- (Photo: Reuters/USDA/Handout)
This year National Peanut Butter and Jelly Day has arrived on Monday and people everywhere are celebrating.
The holiday on April 2 each year salutes one of American's most popular peanut-derived sandwich spreads as well as the fruit-based spread.
Also known as a PB&J, the sandwich has been served for decades. While the origins of the PB&J are unknown, many people believe that the sandwich got its start during World War II when cooks combined soldier's rations of peanut butter and jelly together.
Before graduating high school, the average child is believed to consume 1,500 peanut butter and jelly sandwiches.
George Washington Carver is largely credited for creating peanut butter in the U.S. The famous spread is comprised of 90 percent or more of peanuts.
Alternately, jelly contains both fruit juice and pieces of the fruit with no added sugar. The fruit is heated with water, and the preserves can be canned or sealed for long-term storage.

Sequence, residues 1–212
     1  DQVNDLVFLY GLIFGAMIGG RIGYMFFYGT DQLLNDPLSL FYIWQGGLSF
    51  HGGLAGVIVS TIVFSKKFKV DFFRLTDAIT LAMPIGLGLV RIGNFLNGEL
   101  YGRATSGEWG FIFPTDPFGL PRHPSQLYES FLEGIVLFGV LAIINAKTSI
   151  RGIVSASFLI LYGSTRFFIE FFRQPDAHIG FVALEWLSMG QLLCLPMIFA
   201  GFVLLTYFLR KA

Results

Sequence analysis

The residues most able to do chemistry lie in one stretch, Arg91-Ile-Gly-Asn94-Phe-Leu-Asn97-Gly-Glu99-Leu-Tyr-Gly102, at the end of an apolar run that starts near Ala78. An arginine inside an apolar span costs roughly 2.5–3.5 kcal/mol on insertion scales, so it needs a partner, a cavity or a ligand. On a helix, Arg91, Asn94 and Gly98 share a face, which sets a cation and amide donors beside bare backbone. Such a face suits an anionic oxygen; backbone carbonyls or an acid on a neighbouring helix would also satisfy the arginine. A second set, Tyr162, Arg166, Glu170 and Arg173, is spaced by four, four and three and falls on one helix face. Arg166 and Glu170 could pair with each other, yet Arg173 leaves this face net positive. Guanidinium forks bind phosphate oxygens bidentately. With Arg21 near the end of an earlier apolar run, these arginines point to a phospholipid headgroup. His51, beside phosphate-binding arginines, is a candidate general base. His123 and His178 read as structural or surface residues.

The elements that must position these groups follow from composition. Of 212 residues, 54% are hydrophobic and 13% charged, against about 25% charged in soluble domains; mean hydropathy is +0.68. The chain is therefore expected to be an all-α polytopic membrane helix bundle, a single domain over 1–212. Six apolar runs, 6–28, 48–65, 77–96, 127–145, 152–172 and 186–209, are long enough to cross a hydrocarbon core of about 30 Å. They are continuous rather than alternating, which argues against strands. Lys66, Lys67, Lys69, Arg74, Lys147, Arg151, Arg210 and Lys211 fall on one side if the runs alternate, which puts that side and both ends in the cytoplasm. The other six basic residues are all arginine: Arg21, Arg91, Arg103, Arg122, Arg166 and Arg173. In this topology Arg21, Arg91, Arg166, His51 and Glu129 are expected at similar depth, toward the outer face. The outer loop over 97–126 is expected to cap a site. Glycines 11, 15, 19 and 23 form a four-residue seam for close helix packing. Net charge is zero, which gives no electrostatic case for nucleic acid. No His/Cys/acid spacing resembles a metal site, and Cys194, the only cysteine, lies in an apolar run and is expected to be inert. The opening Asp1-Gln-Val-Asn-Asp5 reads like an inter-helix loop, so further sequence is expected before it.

Aside from the broadly popular peanut butter and jelly sandwich, there are many recipes offering uses for the creamy spread and sweet jam- including cakes, pies, porridge, and pancakes.
Peanut butter and jelly fans took to Twitter posting about their National Peanut Butter and Jelly Day celebrations.
"Today is National Peanut Butter and Jelly Day! Making this Peanut Butter and Jelly Coffee Cake," posted Michelle.
Debra wrote, "Yes, making a P & J sandwich counts for cooking! Crunchy or creamy peanut butter?"
"You don't have to use them on a sandwich or anything, just smear 'em on somewhere," advised Twitter user Ana.
While peanut butter has a high level of monounsaturated fats and is high in protein, vitamins B3 and E, and antioxidants, the spread has been banned in many schools because of dangerous reactions for people with a peanut allergy. Reactions include anaphylactic shock, which can result in death.
Among many dishes that call for it, the oils found in peanut butter are known to remove chewing gum from hair.